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The Next Beginning at Valentino

Socio-politics suggest there’ll be little escape from the prosaic grind of lesser human instincts in the immediate future. Pierpaolo Piccioli’s Valentino collection caught the mood of the last time such an atmosphere penetrated popular culture — the late Seventies.
Valentino Autumn/Winter 2017 | Source: InDigital.tv
By
  • Tim Blanks

PARIS, France — Pierpaolo Piccioli is Roman. That naturally predisposes him towards the wild, the wayward. And, in fashion terms, that could easily mean English eccentricity. For his solo womenswear debut last season, Piccioli tapped Zandra Rhodes. For this season's menswear, he collaborated with Jamie Reid, arbiter of punk iconography. Reid was always a dab hand at cooking up a slogan. His contributions here read BEAUTY IS A BIRTHRIGHT CLAIM YOUR HERITAGE and IT SEEMED TO BE THE END UNTIL THE NEXT BEGINNING. Comments on a postcard please.

And yet, if you paused to think about those words, there was some kind of personal weight for Piccioli. Under his and Maria Grazia Chiuri's tutelage, Valentino became a statement about breathless, saturating beauty. When she peeled off for Dior, it might have seemed to be The End. But he has orchestrated the Next Beginning.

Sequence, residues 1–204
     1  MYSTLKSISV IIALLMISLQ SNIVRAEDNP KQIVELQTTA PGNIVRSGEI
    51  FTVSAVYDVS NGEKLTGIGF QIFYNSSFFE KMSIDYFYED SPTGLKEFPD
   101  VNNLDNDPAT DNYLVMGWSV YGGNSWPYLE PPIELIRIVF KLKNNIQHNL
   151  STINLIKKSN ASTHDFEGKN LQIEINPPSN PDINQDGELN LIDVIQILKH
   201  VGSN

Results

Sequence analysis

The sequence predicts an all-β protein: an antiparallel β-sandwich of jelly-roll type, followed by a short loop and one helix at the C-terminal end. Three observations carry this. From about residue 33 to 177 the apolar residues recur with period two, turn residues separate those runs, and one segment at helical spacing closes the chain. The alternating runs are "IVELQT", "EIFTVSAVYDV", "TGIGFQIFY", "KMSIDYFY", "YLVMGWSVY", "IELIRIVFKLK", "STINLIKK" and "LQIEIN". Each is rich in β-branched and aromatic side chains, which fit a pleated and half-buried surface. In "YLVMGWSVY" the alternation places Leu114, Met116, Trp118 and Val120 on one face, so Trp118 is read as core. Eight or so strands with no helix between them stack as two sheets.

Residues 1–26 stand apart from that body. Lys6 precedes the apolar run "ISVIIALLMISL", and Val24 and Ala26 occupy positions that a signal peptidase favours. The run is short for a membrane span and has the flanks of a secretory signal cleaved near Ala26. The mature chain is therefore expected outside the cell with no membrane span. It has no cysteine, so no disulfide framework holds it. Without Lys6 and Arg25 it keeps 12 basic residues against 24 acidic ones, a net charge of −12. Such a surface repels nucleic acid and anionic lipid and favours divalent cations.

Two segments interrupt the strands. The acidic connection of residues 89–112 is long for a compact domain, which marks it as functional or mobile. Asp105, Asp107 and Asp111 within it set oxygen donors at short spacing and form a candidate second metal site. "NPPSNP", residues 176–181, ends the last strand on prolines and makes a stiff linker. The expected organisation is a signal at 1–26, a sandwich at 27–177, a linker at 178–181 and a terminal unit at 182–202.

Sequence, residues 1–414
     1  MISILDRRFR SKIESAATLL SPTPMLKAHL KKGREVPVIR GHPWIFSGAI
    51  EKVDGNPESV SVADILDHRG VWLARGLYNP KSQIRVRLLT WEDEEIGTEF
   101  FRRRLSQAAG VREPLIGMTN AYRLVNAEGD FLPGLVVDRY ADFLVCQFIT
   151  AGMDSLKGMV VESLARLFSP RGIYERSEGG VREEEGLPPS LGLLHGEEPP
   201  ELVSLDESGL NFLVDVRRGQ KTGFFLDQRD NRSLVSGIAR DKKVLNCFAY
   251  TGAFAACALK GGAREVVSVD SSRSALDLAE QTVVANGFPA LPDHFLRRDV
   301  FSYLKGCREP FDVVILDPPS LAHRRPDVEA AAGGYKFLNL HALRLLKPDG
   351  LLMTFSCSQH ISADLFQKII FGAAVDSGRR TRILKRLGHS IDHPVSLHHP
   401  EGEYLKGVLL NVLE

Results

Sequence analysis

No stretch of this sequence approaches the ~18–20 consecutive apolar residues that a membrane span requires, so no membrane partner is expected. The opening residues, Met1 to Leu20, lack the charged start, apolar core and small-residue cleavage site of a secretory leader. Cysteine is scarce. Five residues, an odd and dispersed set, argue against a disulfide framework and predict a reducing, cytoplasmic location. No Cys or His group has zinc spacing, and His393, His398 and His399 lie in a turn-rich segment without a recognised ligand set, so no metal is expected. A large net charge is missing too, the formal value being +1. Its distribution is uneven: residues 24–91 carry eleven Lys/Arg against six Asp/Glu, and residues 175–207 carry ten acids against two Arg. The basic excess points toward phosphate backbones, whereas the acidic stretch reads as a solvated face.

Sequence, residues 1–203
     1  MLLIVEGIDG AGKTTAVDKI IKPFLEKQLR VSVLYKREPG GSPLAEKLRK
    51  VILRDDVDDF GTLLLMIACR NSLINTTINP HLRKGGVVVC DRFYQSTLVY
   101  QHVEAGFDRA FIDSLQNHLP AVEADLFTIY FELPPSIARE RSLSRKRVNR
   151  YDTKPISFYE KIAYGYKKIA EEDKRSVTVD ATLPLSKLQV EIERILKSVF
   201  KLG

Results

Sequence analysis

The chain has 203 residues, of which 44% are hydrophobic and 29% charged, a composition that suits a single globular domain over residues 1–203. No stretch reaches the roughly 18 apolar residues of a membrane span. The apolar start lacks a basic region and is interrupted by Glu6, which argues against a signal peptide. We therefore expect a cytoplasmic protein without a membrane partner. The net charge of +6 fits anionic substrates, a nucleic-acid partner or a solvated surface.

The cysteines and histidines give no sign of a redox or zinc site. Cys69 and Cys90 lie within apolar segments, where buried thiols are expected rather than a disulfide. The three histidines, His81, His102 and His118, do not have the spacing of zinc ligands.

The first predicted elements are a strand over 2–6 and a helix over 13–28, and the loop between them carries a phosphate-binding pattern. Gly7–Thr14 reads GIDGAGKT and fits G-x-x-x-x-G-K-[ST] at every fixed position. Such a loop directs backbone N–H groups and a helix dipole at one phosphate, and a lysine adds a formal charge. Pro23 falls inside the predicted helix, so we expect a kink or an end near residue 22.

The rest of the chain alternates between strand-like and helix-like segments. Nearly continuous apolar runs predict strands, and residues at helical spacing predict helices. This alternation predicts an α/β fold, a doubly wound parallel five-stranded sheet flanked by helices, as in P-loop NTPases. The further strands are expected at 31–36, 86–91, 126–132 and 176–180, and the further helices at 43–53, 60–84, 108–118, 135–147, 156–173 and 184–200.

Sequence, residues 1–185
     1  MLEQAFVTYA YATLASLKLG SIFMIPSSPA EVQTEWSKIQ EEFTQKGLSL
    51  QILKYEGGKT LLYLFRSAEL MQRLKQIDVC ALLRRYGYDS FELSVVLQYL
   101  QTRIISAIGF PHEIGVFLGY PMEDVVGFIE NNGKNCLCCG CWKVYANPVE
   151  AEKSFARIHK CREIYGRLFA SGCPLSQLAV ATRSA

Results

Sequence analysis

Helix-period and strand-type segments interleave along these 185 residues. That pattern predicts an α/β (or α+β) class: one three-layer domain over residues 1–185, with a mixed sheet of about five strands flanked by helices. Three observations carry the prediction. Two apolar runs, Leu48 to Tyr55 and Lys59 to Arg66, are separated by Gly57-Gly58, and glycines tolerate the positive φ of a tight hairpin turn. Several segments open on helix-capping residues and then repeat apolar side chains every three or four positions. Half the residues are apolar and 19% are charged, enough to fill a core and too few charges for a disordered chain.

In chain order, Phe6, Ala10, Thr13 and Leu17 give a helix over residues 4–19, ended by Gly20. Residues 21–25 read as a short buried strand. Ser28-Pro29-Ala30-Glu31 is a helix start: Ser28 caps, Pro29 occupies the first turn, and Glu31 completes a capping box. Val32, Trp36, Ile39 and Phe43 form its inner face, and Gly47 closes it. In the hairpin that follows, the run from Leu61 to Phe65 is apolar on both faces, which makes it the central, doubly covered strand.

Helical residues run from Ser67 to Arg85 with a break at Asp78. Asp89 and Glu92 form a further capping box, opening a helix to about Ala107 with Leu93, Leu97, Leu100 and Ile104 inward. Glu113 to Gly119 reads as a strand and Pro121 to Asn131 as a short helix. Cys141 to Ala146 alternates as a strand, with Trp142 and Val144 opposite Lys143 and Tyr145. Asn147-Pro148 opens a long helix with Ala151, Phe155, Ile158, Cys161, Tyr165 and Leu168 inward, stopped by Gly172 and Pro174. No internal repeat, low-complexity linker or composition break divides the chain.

Although, on the evidence of the men's collection that Piccioli showed today, that "beginning" is curiously dogged by the past. Autumn/Winter 2017 is already a season where "reality" is the overwhelming buzzword. And why not? Socio-politics suggest there'll be little escape from a prosaic grind of lesser human instincts in the immediate future. So Piccioli's collection caught the mood of the last time such an atmosphere penetrated popular culture to such a degree. Which was, of course, the late Seventies. On the soundtrack, David Bowie sang I Can't Give Everything Away, the last song on his last album. It could have fitted into Low, his late-70s masterpiece. So could the "realness" of the clothes: cropped peacoat, plaid Crombie — supreme sartorialism totally relaxed — hoodies, everything with sneakers. Clothes The Man Who Fell to Earth would have worn with aplomb.

Piccioli was talking about how the certainties of masculinity have evaporated, that now is the moment for men to claim a new kind of freedom. It’s glorious to think that a coat in orange casentino or a duffel in pistachio or a jacket in oxblood leather (all of them, by the way, utterly edible) could be standard bearers for a new kind of man. Reality is a much grimmer proposition. But, oh, how we can dream.

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